The international rating agency, Moody’s Investor Service has downgraded Ghana’s long-term issuer and senior unsecured debt ratings to Caa1 from B3 and changed the outlook to stable from negative.
This is the worst rating ever that Ghana has been given by the rating agency. This will make it extremely difficult for Ghana to source international funds because international investors take such ratings seriously.
Also, even investors will dare lend money to Ghana, either they will do it on the condition of cut-throat collateral or at high interest rate.
Consequently, Moody’s downgrade of Ghana’s debt rating is the rating agency’s simple way of saying that if loans are given to Ghana without collateral, the country will very likely not be able to pay back with its debt to GDP ratio around 80%.
This puts Ghana in a precarious position for global vulture economies like China to advance funds to the country and seize its strategic assets and infrastructures like ports, airports, and other important sovereign installations.
China is noted for such a move in Africa, having set up countries like Uganda, Kenya, etc. in a debt trap that ultimately handed those country’s important infrastructure to China.
“The downgrade to Caa1 reflects the increasingly difficult task the government faces addressing its intertwined liquidity and debt challenges. Weak revenue generation constrains the government’s budget flexibility and tight funding conditions on international markets have forced the government to rely on costly debt with a shorter maturity,” Moody’s explained.
The development is an indictment on the Akufo-Addo government which has messed up the country’s finances mainly with reckless borrowing that has ballooned the country’s debt so high that it is hard to see how it can service the debt.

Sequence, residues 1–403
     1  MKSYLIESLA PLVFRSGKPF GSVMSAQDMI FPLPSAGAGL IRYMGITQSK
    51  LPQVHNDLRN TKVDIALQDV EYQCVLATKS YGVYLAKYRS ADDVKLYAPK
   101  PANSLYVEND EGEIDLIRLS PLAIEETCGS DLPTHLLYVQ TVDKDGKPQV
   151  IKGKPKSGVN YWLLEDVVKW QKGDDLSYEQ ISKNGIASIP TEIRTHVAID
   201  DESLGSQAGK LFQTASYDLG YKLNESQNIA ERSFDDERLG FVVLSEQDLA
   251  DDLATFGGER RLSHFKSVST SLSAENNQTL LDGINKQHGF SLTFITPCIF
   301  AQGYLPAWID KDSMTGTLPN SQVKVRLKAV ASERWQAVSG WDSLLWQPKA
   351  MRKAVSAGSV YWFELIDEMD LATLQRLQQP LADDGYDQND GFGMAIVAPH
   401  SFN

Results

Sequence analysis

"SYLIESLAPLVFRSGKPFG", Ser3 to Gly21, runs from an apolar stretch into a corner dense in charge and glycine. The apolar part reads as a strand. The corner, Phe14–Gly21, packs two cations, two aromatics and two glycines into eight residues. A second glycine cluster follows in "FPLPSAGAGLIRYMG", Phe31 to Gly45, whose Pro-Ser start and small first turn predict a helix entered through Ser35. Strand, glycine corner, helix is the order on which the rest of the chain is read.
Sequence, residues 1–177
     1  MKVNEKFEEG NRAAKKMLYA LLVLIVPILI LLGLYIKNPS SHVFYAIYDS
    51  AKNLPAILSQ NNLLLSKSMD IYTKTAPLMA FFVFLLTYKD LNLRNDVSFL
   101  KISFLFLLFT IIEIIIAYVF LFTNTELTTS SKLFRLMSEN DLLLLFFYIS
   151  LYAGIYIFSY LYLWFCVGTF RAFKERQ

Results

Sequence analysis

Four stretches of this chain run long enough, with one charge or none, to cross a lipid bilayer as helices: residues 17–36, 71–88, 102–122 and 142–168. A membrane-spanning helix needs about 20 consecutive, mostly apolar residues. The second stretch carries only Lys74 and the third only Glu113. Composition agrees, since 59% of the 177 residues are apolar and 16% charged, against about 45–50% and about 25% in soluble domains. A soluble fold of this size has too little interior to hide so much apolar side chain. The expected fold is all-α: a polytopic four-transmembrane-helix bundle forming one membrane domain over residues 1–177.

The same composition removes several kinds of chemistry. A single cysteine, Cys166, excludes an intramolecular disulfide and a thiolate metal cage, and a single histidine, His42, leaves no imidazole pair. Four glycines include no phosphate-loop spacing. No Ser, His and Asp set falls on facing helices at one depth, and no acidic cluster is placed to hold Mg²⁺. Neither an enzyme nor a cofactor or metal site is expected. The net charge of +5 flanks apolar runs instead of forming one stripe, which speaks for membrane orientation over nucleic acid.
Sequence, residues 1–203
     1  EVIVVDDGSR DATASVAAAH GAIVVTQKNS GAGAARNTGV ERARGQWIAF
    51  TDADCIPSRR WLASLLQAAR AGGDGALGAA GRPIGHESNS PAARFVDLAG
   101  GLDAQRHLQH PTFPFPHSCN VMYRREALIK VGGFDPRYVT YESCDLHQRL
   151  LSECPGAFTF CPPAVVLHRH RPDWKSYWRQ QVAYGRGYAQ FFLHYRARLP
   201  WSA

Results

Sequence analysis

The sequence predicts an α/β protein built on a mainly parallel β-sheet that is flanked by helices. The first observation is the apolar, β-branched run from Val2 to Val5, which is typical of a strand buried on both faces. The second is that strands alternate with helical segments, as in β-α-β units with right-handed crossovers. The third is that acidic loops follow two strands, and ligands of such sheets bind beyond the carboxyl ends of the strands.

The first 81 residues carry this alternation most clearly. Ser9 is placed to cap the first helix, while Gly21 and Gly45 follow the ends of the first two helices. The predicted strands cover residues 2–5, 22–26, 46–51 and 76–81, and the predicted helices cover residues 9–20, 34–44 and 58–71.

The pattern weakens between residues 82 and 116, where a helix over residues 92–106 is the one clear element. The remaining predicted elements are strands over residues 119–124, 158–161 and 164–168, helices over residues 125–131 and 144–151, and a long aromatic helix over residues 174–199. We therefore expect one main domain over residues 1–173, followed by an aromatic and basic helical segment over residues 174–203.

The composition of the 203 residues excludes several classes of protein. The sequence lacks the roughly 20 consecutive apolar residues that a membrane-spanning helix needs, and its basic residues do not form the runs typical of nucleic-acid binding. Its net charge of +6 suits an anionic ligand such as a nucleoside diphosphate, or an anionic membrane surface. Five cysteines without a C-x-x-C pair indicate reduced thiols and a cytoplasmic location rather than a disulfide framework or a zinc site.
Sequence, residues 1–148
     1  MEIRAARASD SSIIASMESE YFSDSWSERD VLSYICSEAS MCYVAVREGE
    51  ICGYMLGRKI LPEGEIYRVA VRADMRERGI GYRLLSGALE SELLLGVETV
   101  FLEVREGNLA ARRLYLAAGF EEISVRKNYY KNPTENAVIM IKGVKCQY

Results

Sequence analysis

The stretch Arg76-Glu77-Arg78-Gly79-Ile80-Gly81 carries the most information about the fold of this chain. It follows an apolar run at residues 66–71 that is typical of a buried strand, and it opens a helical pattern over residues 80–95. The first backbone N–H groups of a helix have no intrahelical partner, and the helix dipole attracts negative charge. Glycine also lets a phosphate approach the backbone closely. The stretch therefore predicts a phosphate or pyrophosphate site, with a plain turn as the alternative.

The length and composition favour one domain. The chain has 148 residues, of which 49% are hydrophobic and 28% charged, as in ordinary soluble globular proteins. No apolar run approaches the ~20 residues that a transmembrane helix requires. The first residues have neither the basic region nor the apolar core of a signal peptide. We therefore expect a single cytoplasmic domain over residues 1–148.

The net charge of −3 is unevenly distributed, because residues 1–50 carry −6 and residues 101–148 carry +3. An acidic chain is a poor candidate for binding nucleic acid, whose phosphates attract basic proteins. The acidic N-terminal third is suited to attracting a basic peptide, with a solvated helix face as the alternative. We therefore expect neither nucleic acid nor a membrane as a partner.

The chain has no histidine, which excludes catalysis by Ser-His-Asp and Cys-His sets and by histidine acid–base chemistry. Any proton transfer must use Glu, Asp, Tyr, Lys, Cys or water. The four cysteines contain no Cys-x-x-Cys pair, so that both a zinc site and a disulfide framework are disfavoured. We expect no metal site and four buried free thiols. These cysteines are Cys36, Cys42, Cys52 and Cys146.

Moody’s estimates that interest payments will absorb more than half the government’s revenue over the foreseeable future, which is exceptionally high compared to peers at all rating levels. As a remedy, the government has proposed sharp fiscal consolidation and a switch to borrowings from external partners on more favourable terms.
“However, the strategy comes with sizeable implementation risks, especially in a still-fragile post-pandemic environment and while international market creditors price in very wide risk premia. While Ghana’s external buffers and moderate external debt amortization schedule in the next few years afford the government a window of opportunity to deliver on its strategy, balance of payments pressures will build up the longer government’s large financing requirements have to rely on domestic sources,” Moody’s said.
Moody’s downgrade is coming barely a month after another rating agency, Fitch had downgraded Ghana’s Long-Term Foreign-Currency Issuer Default Rating (IDR) to ‘B-‘ from ‘B’ with negative.
Explaining the rationale for the ratings, Moody’s said, it projects that “Ghana’s debt ratios will continue to deteriorate in the next few years with extremely weak debt affordability significantly constraining policymaking. Moody’s estimates that government debt ended 2021 at 80% of GDP while interest payments alone consumed half of the government revenue that year (positioning Ghana with the second-largest ratio among Moody’s rated sovereigns).
“Given Ghana’s still low average income at about $6000 per capita at Purchasing Power Parity and demands on social spending, very weak debt affordability constrains the government’s scope of policy action, intensifying the policy trade-off between servicing debts and delivering services to the Ghanaian population. Moody’s projects that the government will improve its primary balance by a cumulative 3% of GDP over 2022-24,” Moody’s stated.